There probably has never been a time when the issue of wildlife conservation has been this important. So, it goes without saying that it is imperative that we educate our children and the next generation about the sensitivity of the issue. Their participation and involvement are crucial. One of the ways of doing this is by raising awareness through various platforms. Schools can do a lot to educate their students and sensitize them to the atrocities being committed toward wildlife.

Factoid: In a shocking study by the University of Melbourne, it was revealed that the bushfires that took place in the state of Victoria, Australia in 2009, heavily traumatized children which ultimately made them slower in reading and in numeracy skills

8 Things You Can Do in Your School to Do Your Bit for Wildlife Conservation 

1. Raise awareness and encourage discussion 

The first step to changing anything is creating enough awareness about it and that can be done in many ways. One of them could be to organize a drive for wildlife conservation to create interesting videos/posters/charts on the importance of wildlife and every single species. The most creative entries can be awarded and put up on all school-related communication.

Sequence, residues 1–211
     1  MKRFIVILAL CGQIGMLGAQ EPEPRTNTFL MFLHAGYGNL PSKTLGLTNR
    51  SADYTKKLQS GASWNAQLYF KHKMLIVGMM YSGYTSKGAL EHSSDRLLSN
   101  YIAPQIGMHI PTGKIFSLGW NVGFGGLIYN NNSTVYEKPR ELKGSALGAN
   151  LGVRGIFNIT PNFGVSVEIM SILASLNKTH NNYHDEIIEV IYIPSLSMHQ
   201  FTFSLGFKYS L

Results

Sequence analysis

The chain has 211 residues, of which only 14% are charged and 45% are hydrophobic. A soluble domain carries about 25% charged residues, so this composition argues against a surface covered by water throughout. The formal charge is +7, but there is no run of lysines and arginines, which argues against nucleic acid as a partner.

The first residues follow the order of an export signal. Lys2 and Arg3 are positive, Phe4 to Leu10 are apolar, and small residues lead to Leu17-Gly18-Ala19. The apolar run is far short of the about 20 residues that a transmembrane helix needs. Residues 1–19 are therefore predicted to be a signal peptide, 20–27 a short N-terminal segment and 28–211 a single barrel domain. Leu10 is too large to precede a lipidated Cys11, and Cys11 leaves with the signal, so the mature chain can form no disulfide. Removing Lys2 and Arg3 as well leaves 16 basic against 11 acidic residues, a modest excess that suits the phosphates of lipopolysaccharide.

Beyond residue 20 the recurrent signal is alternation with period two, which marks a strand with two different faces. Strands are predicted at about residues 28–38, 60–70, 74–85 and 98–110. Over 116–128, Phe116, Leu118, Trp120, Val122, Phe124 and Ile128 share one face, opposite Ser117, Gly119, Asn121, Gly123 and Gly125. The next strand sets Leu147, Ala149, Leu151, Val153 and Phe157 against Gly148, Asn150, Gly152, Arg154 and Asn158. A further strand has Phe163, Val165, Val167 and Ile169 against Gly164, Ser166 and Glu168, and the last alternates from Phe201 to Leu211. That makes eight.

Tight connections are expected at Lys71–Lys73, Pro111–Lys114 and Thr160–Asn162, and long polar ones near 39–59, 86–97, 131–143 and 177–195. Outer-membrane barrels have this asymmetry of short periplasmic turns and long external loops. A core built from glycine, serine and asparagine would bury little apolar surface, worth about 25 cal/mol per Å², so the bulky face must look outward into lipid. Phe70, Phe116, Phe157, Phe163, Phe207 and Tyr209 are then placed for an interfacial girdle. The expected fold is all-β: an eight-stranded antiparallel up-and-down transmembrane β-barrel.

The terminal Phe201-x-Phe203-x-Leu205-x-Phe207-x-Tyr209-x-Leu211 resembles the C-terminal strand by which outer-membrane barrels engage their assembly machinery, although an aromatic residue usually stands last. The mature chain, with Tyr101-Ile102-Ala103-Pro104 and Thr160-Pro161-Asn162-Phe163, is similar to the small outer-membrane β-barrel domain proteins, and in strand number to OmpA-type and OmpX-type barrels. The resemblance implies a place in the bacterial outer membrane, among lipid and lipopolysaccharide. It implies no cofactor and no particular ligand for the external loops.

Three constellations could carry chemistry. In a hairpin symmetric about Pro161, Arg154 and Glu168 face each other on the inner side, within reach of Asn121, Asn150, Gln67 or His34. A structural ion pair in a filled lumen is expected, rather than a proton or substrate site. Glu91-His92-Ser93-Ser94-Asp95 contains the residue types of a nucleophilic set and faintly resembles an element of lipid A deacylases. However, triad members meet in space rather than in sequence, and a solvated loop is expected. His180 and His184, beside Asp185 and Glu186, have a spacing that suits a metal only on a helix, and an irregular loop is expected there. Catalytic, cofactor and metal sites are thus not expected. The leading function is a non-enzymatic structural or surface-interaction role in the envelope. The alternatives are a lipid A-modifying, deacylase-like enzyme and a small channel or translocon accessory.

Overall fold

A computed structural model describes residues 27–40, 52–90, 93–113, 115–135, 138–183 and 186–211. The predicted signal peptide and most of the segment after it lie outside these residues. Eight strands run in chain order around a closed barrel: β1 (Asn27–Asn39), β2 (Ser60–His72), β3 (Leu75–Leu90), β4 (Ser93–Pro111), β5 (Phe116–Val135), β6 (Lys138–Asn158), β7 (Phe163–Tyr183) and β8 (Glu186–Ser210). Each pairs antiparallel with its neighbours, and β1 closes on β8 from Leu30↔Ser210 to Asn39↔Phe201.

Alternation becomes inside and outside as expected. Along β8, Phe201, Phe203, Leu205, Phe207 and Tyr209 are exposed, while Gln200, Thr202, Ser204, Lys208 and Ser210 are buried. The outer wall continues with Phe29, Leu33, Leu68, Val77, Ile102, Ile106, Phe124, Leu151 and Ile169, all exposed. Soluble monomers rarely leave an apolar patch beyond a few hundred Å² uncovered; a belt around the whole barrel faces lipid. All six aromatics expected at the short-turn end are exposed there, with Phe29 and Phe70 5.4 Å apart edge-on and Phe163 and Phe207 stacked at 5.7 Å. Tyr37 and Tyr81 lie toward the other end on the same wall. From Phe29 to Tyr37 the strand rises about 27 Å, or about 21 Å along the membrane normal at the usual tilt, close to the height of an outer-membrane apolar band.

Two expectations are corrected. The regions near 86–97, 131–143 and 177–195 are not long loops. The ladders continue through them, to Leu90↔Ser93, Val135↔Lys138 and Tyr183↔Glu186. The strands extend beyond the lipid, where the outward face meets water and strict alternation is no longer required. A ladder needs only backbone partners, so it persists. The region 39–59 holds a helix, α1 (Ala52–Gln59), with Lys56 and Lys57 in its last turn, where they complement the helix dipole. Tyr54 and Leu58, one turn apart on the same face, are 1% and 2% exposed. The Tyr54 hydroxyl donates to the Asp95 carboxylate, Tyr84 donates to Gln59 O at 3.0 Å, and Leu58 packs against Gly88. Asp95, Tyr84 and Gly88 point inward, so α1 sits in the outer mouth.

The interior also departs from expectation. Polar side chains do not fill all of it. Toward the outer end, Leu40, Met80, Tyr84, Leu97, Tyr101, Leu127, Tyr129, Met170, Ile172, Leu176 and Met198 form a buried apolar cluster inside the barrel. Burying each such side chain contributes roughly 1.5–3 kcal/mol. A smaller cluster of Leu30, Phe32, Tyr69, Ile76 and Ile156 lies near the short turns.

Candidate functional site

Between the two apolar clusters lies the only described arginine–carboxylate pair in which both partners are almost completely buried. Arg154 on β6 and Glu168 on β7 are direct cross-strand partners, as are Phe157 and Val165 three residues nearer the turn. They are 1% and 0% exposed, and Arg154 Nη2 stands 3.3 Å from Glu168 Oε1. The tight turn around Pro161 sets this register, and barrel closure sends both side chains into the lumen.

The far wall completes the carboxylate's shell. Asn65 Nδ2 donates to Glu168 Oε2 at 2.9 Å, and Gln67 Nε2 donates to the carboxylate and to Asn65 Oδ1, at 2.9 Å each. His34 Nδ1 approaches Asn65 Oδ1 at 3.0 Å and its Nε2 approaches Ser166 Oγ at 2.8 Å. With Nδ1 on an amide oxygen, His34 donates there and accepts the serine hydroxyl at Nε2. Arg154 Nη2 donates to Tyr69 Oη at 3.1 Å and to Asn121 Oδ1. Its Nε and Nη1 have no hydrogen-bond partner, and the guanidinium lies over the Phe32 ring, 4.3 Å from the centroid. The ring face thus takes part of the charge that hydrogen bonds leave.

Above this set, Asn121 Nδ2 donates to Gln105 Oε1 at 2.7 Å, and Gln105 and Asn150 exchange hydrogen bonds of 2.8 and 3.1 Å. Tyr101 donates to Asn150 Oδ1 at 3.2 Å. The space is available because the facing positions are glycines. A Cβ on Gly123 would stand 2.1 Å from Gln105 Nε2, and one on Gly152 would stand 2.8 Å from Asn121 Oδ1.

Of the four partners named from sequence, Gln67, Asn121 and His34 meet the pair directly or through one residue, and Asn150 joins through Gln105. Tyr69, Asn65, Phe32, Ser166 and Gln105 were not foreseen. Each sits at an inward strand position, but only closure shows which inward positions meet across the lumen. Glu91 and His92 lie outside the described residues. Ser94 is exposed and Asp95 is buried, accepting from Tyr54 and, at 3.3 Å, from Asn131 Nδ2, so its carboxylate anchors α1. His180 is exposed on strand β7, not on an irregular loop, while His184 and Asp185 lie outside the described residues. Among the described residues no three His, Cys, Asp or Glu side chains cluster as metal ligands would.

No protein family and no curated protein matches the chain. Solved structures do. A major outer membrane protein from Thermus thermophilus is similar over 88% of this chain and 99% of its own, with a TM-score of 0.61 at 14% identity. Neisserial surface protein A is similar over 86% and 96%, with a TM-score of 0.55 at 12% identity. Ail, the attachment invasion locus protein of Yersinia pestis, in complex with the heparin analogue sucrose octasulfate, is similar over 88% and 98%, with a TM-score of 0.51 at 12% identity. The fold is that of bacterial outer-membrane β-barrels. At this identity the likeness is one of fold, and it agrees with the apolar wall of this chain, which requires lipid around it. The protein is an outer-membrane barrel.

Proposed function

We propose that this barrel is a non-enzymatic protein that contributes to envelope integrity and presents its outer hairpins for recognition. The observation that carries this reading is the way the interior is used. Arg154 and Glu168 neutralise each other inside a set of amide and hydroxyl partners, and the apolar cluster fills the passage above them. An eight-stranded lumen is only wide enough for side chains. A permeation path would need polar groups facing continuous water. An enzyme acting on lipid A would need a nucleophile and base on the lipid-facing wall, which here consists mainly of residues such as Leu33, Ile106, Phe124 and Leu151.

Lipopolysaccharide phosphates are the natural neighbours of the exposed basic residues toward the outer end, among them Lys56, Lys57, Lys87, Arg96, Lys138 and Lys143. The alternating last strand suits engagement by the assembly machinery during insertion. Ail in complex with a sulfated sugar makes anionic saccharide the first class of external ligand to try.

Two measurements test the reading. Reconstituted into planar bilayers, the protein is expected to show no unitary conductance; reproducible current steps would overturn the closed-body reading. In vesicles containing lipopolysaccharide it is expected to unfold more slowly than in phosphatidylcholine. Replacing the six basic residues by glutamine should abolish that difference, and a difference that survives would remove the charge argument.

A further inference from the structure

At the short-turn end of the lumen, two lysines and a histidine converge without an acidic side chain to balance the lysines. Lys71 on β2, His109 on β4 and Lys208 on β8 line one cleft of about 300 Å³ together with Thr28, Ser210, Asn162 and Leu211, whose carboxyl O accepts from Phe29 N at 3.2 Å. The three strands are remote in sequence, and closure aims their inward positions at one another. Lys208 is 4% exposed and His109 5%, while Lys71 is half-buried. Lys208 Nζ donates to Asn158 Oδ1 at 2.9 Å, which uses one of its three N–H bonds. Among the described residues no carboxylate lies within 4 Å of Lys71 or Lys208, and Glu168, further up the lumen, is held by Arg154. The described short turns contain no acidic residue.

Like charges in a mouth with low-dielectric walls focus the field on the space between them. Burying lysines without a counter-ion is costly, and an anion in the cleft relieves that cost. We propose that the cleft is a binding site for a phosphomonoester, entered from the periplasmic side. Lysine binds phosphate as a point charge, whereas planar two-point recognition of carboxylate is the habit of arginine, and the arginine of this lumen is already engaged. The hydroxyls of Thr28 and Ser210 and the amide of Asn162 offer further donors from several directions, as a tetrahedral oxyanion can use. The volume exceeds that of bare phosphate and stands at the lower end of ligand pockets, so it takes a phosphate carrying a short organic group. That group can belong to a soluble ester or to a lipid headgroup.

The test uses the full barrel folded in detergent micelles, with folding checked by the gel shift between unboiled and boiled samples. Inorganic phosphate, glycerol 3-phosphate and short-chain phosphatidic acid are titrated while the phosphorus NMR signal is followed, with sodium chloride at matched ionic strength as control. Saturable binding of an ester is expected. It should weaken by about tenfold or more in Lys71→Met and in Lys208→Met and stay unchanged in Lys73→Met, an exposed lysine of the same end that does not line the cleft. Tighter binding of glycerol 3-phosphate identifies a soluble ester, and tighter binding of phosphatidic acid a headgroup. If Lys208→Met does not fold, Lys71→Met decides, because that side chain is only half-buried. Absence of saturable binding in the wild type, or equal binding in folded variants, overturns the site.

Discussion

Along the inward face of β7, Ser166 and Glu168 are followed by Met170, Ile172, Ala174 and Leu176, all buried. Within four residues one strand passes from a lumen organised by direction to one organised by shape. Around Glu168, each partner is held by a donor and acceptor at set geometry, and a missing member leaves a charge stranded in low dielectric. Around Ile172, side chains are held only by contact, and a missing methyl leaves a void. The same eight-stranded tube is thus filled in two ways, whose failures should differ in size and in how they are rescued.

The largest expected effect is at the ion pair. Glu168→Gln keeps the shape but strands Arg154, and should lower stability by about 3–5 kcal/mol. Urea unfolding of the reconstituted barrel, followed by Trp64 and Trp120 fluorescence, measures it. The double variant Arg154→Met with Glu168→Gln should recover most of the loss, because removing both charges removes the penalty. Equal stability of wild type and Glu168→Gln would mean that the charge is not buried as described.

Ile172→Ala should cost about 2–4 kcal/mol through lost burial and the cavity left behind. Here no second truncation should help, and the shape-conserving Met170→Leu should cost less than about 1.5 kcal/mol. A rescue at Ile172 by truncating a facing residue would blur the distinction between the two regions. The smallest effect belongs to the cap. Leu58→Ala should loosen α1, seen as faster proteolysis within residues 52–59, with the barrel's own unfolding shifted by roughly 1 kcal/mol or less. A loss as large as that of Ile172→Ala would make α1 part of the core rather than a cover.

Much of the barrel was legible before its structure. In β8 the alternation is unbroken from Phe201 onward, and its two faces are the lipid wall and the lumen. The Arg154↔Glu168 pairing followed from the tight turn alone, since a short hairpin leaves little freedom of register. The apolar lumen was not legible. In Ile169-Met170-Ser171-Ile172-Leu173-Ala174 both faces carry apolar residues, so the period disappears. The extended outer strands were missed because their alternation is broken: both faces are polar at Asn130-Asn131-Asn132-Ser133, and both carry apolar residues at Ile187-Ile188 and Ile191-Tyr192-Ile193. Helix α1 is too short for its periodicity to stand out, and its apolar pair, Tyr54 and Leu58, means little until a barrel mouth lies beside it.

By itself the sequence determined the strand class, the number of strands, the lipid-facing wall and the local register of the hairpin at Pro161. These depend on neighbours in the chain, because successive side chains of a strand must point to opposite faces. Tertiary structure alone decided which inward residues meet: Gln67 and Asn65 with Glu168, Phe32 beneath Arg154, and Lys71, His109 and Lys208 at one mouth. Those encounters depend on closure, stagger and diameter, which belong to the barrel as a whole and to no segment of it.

2. Organize field trips with experts and encourage volunteers

To break the monotony, the school could set up a field trip for students to a wildlife sanctuary or a national park. Students can explore the flora and fauna in that region and experience what it is like to live in the wild. To learn more about the various species of plants and animals, a wildlife expert could be brought in. If you want to take things up a notch, you can also arrange for your students to volunteer at an environmental NGO. Students can learn so much about wildlife by spending quality time with professionals. 

3. Introduce courses on wildlife conservation 

It is worthwhile to have a short course that educates students on India’s biodiversity. It could be designed in a manner that is more practical than theoretical and the above-mentioned points could be a part of the course too. By applying whatever they learn and doing, students can learn better. after that, The goal is to make them feel responsible for their environment and wildlife in particular. 

4. Talk to your students about ‘green careers’